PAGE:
Legally embattled Internet TV startup now offers two service tiers
Internet TV startup Aereo, which broadcasters accuse of illegally poaching their TV signals, is streamlining pricing options to just two plans and scrapping the apparently unpopular per-day and annual options.
Aereo is keeping the base plan of $8 per month, which includes 20 hours of DVR storage, and the $12 monthly option which triples DVR storage to 60 hours (previously 40).
Aereo has not disclosed how many paying subscribers it has signed up in New York. The startup is expanding into Boston, with an invite-only period starting May 15, and expects to roll out to another 21 other U.S. markets later in the year.
Broadcasters have been trying to shut down Aereo, whose major backer is IAC chairman Barry Diller, since it launched in New York City last spring. The company claims it’s simply facilitating Americans’ right to free over-the-air TV, hosting teeny-tiny antennas at its data centers and slinging live and recorded video to users’ devices.
Separately, ABC this week will introduce “Watch ABC” mobile apps for streaming live local TV in select markets on tablets and smartphones. However, the service will require users to have a pay-TV subscription with a participating cable or satellite provider.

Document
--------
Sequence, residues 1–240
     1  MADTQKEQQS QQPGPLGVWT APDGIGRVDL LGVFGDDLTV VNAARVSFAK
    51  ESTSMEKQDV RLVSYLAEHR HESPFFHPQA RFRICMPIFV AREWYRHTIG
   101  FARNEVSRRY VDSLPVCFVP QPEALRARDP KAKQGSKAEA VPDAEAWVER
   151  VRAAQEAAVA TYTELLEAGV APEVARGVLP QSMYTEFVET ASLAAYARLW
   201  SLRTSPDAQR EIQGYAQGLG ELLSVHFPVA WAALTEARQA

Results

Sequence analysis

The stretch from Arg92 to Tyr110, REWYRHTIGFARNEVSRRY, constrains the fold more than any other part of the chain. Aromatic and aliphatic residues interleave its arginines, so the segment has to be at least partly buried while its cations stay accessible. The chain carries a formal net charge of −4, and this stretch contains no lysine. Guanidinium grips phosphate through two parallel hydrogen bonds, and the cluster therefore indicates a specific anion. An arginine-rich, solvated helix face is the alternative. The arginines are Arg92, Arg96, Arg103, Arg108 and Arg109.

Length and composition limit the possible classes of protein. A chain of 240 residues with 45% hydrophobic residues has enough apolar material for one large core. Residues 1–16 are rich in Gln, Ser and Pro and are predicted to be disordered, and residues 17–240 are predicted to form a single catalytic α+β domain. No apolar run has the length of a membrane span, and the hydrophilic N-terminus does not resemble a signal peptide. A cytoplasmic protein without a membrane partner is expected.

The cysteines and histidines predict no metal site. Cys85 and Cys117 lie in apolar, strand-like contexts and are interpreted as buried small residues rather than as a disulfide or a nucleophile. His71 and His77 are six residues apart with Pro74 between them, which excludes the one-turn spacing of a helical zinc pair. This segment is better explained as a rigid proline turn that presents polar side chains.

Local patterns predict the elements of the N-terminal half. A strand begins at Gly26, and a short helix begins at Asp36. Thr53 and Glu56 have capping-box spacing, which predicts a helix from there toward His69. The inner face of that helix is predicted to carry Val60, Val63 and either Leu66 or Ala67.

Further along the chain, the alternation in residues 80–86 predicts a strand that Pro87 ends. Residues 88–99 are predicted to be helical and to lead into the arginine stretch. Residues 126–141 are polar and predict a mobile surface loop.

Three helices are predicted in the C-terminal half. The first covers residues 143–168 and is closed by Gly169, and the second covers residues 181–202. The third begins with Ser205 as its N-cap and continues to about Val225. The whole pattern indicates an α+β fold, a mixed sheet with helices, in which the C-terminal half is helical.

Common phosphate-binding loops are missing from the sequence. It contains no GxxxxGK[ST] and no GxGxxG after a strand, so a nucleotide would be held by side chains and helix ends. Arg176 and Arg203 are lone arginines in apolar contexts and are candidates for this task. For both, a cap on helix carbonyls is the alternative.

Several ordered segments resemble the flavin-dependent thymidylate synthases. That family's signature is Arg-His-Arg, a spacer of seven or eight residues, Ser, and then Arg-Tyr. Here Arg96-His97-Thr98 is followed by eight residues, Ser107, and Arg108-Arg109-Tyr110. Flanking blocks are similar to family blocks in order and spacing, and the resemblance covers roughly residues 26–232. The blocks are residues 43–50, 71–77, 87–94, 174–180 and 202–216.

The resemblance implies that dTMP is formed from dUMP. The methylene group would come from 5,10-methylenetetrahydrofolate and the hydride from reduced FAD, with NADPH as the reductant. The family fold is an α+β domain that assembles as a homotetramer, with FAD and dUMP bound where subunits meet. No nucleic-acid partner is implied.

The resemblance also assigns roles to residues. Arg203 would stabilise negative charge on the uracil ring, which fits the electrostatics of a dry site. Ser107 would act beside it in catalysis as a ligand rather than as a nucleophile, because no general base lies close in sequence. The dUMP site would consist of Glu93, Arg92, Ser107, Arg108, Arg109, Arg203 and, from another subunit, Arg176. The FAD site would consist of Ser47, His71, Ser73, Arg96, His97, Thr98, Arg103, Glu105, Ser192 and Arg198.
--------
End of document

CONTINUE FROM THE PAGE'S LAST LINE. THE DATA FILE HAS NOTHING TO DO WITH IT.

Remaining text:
Last year, ABC, CBS, Fox, NBC, Univision and other broadcasters have filed copyright-infringement lawsuits against Aereo, claiming the company must pay retransmission fees the way cable and satellite TV providers do. So far, judges in the U.S. 2nd Circuit Court of Appeals have twice ruled against broadcasters’ requests for injunctions that would put the kibosh on Aereo, which is pre-emptively seeking a ruling ahead of its launch in Boston that the service is legal.
The case appears headed for the U.S. Supreme Court, given that an identical Internet streaming service — calling itself Aereokiller — was ruled illegal by the 9th Circuit last December. Broadcasters, trying to get Congress’ attention, have threatened to convert free over-the-air TV to cable channels if Aereo ultimately prevails.
With the new pricing structure, Aereo is dropping its “Try for Free” one-free-hour-per-day offer. Execs had touted that move as serving the public interest, by providing live news, during weather-related emergencies.
However, new Aereo customers will receive their first month of membership for free. The new pricing plans will go into effect on May 15.
“We looked at our data and it was clear, consumers want a more simple approach to pricing,” Aereo topper Chet Kanojia said in announcing the plans.